Laugh and Lie Down is a 16th century card game alluded to in Shakespeare’s Othello. If you enjoy card games and especially card games from Shakespeare’s lifetime, then this is the post for you! I’m going to show you how to play this card game straight from the life of William Shakespeare.
What you’ll need for Laugh and Lie Down:
- A deck of playing card (any card deck is fine, but you might like this authentic 16th century card deck).
- Coins, at least 12, 25 is better, and regular pennies are perfect (Shakespeare would have used British pence). You can also use this printable of coins
- 5 players. You have to have 5 people. In our version my husband played twice, once for himself and once for Shakespeare (you’ll see him in the video)
- We used David Partlett‘s website for information on the history of this game, so check out his page for more games!
How to Play Laugh and Lie Down:
- Give everyone coins to play with. 5 coins per person worked great for us)
- Deal the cards. You can assign a dealer, or cut the deck to choose the dealer. Lowest card deals, Aces are low.
- Dealer antes 3 pence to play, all other players contribute 2 pence (15 total pence in the pot at the start of the game)
- Deal 8 cards face down to each player.
- Turn remaining 12 cards up on the table in a disorganized fashion, just where all can reach/see them
- Starting to the left of the dealer, players use the cards in their hand to make pairs with what’s showing on the table.
- When you can’t make any more pairs, you have to lie down your cards (and the table laughs at you)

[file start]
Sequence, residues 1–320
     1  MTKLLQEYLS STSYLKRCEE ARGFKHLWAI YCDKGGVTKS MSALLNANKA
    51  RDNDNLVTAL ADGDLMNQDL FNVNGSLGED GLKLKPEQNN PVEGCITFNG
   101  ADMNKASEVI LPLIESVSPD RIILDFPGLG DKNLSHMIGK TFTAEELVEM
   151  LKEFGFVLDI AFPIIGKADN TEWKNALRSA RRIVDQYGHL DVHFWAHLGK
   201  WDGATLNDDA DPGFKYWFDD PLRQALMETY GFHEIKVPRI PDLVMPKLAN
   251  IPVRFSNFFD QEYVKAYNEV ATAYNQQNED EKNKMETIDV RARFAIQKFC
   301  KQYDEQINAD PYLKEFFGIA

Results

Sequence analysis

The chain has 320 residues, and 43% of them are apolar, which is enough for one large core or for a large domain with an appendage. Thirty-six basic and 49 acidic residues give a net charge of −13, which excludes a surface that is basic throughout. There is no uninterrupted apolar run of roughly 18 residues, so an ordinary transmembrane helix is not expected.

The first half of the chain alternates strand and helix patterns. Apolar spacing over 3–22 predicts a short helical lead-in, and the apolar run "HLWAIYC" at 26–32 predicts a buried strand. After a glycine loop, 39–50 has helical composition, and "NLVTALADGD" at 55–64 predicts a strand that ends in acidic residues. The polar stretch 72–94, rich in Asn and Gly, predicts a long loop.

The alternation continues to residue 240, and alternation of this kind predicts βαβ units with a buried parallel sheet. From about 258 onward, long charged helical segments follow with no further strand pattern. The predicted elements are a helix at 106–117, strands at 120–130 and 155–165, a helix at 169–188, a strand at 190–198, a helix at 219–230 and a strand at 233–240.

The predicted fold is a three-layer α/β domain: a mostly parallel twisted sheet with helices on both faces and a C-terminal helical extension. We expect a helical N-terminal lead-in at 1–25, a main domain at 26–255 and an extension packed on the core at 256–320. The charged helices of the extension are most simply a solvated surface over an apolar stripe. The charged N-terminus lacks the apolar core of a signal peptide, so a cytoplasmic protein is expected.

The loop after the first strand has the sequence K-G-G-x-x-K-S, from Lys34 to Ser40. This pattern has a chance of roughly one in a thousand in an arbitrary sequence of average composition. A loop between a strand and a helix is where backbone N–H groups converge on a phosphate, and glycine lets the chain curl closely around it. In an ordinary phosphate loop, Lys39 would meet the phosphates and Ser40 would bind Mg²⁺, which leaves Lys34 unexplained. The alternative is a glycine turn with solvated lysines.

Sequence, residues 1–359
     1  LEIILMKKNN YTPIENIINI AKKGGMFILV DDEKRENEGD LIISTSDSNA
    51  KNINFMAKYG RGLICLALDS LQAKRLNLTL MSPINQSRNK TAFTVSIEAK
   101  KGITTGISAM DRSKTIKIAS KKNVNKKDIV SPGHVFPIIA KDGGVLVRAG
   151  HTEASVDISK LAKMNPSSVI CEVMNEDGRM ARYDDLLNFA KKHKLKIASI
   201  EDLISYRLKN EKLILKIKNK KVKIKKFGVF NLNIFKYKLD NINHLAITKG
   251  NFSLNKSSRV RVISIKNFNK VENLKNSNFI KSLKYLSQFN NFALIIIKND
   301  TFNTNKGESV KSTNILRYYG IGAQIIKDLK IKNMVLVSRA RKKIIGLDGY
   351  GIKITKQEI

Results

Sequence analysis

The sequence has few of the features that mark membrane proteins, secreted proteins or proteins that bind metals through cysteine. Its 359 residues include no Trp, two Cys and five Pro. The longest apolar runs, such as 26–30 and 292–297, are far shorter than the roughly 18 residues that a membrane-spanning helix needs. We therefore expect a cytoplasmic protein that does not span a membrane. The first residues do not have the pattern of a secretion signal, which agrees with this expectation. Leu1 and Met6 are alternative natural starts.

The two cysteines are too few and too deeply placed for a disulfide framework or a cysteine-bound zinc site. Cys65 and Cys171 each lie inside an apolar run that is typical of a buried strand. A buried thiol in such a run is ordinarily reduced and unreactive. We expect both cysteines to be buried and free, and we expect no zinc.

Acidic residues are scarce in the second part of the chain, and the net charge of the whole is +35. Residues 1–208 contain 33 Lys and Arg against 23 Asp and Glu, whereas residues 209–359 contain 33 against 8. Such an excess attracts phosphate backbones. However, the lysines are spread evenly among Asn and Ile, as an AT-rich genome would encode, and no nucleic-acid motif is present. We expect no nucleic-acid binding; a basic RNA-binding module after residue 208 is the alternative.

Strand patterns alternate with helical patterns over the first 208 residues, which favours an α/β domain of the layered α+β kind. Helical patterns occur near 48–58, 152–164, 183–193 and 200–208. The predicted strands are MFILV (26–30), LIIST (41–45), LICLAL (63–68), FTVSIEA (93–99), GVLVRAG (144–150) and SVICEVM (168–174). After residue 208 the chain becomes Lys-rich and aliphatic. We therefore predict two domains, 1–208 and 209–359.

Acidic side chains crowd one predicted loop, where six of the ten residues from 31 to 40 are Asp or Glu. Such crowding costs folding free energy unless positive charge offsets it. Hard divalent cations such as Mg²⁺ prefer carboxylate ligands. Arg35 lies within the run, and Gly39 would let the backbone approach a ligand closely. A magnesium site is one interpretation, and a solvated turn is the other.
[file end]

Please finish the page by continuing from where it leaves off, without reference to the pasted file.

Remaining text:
- Play resumes with the next player who can use the cards that were lain down in addition to the table cards.
- The game is over when only one person has cards left to play. That person wins!
Important Points about Laugh and Lie Down
On your turn you can make a set of two (a pair) or a set of 4 (called a mournival in the 16th century) but you can’t make a set of 3 (a prial in the 16th century). Note: We aren’t sure about this rule, and didn’t get clear instructions from our research. If you know more, please share with us in the comments!
If a player lays down a set of pairs and you’re holding the other set of two cards, you can play them as played cards for yourself at any point in the game without needing to play a card from the table set because there’s no other way to play them.
Counting Points (Known as “The Payoff”)
At the end, whoever was last gets 5 pence from the pot. Then you payout the coins to the players.
If you capture less than 8 cards, you pay one pence to the pot for every pair of cards you won short of the original 8 you were dealt. (For example, in our game Shakespeare won two pairs, or 4 cards. That’s 2 pairs short of 8 cards, so he pays 2 pence at the end of the game).
If you have more than 8 cards in your “won” pile, you get PAID one pence for each pair above 8 that you have from the pot. Example: In this game, I won 8 pairs of cards, which was 16 cards. That’s 4 pairs over the original 8 I was dealt, so I win 4 pence from the pot.)
And that’s how you play Laugh and Lie Down! Let us know in the comments if you play this game and what you think about it.